“I worked in the Africa Bureau back in the early 2000s when we worked – the administration at that time worked to help African countries address their debt issues, and China has come in and re-indebted these countries,” said Ms Thomas-Greenfield during the trip that saw her visit Kenya, Mozambique and Ghana over five days from January 25.

“And so Secretary Yellen’s visit, I think, highlighted some of those issues and highlighted our efforts to assist those countries to address the debt problems, to assist them in moving forward.”

These engagements, some argue, can be insufficient for the US, however, especially if they are not consistent.

“China has made huge financial investments across the world— from ports in Sri Lanka, to railroads in Kenya, to bridges, management and logistics in the Panama Canal, each adding to (President) Xi’s leverage over nations who find themselves heavily indebted to China and unable to push back on Beijing’s demands,” argued Senator Bob Menendez, the Chairman of the US Senate Relations Committee at the Full Committee Hearing on ‘Evaluating US-China Policy in the Era of Strategic Competition,’ on Thursday this week.

“As we think about our own posture in the world, we must recognise that China has also invested heavily in proactive diplomacy. China now has more diplomatic posts than any other country. Chinese diplomats are on the ground, making the case for China’s values, pushing for Chinese investment—and the United States isn’t keeping up.”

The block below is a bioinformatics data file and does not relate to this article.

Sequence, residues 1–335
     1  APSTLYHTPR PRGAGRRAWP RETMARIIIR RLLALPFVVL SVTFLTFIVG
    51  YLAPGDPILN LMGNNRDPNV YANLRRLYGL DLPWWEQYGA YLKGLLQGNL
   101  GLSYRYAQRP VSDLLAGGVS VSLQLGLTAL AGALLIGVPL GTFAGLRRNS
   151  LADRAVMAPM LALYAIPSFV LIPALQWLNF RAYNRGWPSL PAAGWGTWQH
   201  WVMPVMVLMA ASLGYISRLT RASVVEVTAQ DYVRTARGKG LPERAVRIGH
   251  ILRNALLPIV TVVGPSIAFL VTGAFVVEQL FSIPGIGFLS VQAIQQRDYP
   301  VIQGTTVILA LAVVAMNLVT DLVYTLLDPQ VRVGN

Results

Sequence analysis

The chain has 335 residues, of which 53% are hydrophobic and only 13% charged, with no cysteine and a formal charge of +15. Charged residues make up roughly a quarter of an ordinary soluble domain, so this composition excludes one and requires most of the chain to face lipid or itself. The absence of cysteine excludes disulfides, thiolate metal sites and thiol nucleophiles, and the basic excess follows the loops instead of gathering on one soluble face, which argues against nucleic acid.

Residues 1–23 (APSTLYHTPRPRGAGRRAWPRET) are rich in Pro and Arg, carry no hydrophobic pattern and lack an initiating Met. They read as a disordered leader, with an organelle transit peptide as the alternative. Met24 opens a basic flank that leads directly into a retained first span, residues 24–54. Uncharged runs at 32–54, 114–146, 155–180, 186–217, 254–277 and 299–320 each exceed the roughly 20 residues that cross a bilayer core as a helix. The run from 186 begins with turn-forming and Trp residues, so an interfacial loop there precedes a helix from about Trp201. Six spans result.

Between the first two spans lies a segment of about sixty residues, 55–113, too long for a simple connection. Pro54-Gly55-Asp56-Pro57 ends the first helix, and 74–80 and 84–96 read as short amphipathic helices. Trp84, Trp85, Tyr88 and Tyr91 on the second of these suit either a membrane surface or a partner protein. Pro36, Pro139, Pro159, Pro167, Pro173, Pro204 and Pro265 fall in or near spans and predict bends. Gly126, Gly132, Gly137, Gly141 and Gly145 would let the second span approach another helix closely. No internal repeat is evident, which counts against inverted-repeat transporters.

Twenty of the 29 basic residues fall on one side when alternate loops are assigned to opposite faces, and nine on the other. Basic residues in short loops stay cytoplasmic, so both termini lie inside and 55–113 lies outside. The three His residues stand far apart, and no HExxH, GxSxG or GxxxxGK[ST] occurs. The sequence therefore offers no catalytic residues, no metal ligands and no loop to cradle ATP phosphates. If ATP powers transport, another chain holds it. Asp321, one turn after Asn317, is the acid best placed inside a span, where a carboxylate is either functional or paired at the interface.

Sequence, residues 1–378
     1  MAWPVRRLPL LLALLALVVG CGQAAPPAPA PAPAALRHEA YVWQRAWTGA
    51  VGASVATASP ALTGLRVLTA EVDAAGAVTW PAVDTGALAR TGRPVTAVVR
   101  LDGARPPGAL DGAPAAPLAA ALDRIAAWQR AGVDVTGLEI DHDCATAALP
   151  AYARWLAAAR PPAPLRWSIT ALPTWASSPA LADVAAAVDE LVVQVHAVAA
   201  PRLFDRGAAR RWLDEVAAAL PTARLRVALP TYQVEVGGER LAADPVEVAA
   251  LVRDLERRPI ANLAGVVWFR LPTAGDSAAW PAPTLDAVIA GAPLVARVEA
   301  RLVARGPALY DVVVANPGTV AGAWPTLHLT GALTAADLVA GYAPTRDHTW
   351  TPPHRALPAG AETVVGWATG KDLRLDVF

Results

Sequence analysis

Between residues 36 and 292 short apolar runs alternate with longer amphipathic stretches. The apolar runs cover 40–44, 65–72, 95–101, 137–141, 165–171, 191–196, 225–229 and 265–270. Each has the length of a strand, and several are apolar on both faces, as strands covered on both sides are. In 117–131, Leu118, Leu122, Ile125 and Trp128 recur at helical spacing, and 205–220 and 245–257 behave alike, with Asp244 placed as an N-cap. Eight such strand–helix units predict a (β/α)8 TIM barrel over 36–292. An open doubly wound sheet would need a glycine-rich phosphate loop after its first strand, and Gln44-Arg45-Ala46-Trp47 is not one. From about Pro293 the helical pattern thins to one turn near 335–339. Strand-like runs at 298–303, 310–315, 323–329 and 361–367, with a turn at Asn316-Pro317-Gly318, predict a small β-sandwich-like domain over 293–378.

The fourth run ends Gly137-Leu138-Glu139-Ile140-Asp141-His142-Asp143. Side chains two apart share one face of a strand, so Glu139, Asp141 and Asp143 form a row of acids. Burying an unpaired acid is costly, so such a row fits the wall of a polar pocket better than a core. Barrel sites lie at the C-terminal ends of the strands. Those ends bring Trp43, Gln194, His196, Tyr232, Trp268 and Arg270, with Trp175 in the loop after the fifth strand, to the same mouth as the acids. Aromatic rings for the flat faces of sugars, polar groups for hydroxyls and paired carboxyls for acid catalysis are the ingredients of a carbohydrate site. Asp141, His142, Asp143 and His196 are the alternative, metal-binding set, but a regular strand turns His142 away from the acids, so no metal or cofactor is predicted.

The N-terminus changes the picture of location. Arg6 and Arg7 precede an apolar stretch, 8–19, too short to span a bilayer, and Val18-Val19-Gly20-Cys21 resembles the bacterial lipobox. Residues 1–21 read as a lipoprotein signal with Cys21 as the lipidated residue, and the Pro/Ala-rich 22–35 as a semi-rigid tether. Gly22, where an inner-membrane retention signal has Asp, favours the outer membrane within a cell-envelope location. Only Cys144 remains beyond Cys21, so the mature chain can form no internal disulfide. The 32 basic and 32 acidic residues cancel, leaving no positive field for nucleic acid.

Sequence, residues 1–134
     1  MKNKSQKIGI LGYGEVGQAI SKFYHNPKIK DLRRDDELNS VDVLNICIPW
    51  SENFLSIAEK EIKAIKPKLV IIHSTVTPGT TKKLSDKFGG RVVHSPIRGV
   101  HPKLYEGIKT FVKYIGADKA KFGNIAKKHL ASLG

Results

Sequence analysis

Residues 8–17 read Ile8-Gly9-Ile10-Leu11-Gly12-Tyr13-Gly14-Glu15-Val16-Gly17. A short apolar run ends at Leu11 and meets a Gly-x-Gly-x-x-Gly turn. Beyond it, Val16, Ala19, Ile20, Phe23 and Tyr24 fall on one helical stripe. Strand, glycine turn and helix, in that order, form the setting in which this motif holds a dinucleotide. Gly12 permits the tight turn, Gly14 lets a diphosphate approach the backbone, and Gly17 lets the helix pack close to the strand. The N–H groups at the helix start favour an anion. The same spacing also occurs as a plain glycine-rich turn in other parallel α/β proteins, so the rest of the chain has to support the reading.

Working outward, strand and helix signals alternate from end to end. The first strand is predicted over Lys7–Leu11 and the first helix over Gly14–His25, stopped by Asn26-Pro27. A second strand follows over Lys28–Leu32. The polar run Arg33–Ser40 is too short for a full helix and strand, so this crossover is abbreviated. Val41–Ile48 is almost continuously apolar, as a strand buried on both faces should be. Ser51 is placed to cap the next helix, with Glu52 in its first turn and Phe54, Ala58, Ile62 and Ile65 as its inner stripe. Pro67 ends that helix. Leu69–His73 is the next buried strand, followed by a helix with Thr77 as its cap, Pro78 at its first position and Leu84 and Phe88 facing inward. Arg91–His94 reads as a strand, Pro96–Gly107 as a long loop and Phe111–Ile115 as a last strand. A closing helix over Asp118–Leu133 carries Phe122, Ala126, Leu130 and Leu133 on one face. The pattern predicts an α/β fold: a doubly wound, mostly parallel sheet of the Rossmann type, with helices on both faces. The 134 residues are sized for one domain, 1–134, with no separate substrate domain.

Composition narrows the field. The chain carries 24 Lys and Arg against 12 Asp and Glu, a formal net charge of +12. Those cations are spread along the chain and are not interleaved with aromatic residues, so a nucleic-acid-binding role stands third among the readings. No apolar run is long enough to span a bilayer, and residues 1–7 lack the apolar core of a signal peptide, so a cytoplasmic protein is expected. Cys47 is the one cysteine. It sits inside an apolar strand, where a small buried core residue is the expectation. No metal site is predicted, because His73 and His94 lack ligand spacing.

One problem, the Senator noted, is continual understaffing of critical diplomatic missions in Africa. For example, until recently, the US Embassy in Addis Ababa had no substantive ambassador. And it took Biden nearly a year to fill positions in Nairobi and Pretoria.  Some missions like in Niger, Mali, Mauritania and Chad are understaffed even though they are also stations where China and Russia enjoy strong ties.

China is also the biggest bilateral trading partner for Africa growing by 11 percent in 2022 to $282 billion. China is also the biggest infrastructure builder in Africa.

This week, Beijing said African countries are free to choose partners but accused the US of simply seeking to mudslinging China.

“Competition is no excuse for vilifying China. A country as big as the US should not seek to "outcompete" others by denying their right to development, damaging global industrial and supply chains. This is not how a responsible country should behave,” Hua Chunying, Chinese Foreign Ministry Spokesperson tweeted after Biden’s State of the Nation address.

“The US needs to develop a reasonable and objective perception of and a positive and practical policy toward China,” said. Biden had said he had told Chinese counterpart Xi Jinping the US wants “competition, not conflict.”

In its Sub-Sahara strategy, the US says it won’t abandon traditional values on governance. But it sees China as advancing “its own narrow” goal of commercial and geopolitical interests while undermining transparency to weaken US-Africa ties. It sees Russia’s goal in Africa as one market for military and private security dealings using disinformation.